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Among patients with obsessive-compulsive disorder (OCD) adding cognitive-behavioral therapy to serotonin reuptake inhibitors (SRIs) was associated with greater reduction in symptoms and improvement in functioning and quality of life compared with adding an antipsychotic or placebo, according to a report published by JAMA Psychiatry, a JAMA Network publication.
SRIs are the only medications approved by the U.S. Food and Drug Administration to treat OCD. Few patients achieve minimal symptoms from an SRI alone and practice guidelines recommend adding antipsychotics or cognitive-behavioral therapy consisting of exposure and ritual prevention (EX/RP), according to the study background.
Helen Blair Simpson, M.D., Ph.D., of Columbia University, New York, and colleagues randomized 100 adult patients to receive eight weeks of risperidone (n=40), 17 twice-weekly EX/RP sessions with a therapist (n=40) or placebo (n=20) added to SRIs.
According to the results, more patients receiving EX/RP achieved minimal symptoms, and adding EX/RP was superior to adding risperidone or placebo for improving insight, functions and quality of life.
"Patients with OCD receiving SRIs should be offered EX/RP before antipsychotics given EX/RP's superior efficacy and less negative adverse effect profile," the study concludes.
In an editorial, Kerry J. Ressler, M.D., Ph.D., and Barbara O. Rothbaum, Ph.D., of the Emory University School of Medicine, Atlanta, write: "Simpson et al call for a change in practice, because augmentation for SRI nonresponders with atypical antipsychotics is recommended in the American Psychiatric Association guidelines. This is a well-controlled randomized clinical trial worthy of strong conclusions."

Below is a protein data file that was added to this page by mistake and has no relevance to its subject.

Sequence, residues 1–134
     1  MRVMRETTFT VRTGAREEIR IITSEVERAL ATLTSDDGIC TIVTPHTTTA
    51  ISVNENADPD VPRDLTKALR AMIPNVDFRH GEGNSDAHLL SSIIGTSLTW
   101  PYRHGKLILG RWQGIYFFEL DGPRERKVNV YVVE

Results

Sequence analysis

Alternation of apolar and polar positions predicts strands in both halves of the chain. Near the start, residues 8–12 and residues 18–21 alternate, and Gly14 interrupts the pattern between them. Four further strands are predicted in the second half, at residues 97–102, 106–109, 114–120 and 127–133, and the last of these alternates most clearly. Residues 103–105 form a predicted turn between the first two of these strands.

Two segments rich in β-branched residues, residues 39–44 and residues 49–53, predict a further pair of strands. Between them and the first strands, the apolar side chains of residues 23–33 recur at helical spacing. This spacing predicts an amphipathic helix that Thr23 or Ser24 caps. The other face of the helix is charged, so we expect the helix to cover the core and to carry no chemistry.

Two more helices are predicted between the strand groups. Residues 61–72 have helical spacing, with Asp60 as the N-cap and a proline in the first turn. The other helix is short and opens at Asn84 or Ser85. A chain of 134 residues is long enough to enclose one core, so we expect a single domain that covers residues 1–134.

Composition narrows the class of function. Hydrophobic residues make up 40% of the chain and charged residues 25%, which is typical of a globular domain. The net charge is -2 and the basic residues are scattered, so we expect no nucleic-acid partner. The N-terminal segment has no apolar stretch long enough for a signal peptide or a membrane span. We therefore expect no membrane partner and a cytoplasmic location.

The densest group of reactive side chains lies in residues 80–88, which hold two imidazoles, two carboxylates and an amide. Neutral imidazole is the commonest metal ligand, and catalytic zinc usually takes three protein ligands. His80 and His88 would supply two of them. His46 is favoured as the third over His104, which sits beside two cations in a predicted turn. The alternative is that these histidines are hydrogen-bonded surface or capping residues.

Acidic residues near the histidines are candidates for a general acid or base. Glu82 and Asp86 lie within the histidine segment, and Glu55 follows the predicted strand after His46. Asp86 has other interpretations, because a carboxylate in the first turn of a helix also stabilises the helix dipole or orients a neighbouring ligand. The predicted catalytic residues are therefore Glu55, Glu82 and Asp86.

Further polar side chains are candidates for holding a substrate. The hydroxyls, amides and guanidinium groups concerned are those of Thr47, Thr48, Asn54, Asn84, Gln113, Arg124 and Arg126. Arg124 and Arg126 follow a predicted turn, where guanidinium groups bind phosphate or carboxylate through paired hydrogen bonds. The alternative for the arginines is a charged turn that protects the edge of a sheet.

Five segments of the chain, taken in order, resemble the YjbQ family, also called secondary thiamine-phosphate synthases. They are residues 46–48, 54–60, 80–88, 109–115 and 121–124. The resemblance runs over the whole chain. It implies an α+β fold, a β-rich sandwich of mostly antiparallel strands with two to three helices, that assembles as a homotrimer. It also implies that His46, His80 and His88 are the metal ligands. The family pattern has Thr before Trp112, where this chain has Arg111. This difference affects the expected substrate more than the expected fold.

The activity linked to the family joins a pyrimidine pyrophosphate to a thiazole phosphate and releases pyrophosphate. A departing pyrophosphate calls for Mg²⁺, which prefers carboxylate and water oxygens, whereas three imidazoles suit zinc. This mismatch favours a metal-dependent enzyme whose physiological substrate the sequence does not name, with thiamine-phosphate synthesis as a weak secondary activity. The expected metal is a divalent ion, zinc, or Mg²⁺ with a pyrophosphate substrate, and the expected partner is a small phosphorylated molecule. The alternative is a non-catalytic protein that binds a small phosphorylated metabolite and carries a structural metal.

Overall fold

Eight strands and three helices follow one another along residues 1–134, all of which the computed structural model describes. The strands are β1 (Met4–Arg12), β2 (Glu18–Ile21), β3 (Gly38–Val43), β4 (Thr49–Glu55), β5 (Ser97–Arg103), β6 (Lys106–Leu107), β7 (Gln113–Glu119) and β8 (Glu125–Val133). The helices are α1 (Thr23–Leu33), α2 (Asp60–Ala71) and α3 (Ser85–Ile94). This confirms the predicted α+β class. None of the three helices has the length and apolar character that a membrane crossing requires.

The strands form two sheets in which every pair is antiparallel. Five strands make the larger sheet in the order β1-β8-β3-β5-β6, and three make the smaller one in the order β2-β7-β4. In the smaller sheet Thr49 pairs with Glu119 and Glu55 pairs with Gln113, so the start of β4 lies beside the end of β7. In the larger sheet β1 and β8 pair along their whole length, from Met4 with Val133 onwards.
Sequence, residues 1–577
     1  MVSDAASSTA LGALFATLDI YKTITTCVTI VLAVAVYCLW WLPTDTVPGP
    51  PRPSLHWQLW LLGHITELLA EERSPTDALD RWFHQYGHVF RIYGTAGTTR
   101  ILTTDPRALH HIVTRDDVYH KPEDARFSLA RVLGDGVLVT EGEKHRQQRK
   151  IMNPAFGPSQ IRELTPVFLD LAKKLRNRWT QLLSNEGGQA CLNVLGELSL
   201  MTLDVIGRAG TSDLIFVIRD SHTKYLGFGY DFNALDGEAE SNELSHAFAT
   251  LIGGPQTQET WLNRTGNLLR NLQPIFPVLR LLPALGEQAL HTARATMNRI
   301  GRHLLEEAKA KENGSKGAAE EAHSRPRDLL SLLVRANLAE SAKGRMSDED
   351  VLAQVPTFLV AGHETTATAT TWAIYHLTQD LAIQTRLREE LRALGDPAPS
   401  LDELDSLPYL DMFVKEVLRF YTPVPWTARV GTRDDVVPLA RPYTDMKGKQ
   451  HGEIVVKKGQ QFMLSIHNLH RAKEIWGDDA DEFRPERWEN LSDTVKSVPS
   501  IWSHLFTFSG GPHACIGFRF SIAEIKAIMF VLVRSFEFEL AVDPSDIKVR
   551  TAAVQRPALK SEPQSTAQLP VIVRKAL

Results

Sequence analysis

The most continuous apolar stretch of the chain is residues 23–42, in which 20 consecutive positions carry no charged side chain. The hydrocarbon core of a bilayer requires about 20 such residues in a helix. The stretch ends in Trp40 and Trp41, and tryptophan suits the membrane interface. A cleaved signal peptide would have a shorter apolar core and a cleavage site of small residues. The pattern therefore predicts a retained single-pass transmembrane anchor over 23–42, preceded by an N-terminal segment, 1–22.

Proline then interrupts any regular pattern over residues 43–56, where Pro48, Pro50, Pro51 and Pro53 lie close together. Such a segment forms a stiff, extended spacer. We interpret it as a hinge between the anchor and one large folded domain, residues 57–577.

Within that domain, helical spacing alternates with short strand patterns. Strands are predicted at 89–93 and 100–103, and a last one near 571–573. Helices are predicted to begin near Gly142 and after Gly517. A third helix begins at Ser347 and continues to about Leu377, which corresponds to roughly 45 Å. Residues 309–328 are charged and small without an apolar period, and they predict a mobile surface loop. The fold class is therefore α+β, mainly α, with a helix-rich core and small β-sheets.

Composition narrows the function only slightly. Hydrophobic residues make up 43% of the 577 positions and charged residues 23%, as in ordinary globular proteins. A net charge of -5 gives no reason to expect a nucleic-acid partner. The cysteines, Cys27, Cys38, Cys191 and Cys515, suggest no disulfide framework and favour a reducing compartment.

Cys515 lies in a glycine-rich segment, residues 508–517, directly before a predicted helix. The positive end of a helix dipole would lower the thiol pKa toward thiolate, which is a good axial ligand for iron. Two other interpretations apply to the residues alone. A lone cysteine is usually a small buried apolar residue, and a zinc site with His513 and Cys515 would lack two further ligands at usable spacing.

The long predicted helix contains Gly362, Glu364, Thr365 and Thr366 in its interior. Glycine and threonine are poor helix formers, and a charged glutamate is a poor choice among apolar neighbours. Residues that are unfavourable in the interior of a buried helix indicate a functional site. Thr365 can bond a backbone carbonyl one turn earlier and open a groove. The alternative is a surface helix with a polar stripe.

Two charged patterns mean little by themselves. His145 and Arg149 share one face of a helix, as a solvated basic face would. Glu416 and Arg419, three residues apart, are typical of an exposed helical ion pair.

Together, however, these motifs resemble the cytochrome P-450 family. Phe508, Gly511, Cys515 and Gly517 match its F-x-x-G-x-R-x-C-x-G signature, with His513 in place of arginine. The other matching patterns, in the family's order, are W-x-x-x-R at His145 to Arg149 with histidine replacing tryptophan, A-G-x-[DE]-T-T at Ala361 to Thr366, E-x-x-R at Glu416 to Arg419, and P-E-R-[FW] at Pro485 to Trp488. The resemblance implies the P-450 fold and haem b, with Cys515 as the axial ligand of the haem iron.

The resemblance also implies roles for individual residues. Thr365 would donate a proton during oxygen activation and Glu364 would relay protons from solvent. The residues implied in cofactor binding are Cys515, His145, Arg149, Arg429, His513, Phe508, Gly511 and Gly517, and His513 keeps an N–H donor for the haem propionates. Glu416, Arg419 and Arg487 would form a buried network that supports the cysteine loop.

"As always, more work remains, but the data presented by Simpson and colleagues are intriguing and thought provoking. They remind us that there are likely unique aspects of brain function that are differentially targeted by medication and psychotherapeutic approaches. As the neurology of OCD and other disorders are further dissected, we can hope for progress with targeted combined pharmacotherapy and psychotherapy in which rationally designed therapeutics can be fully derived from our understanding of the brain, its dysfunction, and mechanisms of recovery," they conclude.
Article: JAMA Psychiatry. Published online September 11, 2013. doi:10.1001/jamapsychiatry.2013.1932.
Editorial: JAMA Psychiatry. Published online September 11, 2013. doi:10.1001/jamapsychiatry.2013.2116.
Authors made conflict of interest disclosures. This study was funded by National Institute of mental Health grants. Medication was provided at no cost by Janssen Scientific Affairs.
Article adapted by Medical News Today from original press release. Click 'references' tab above for source.
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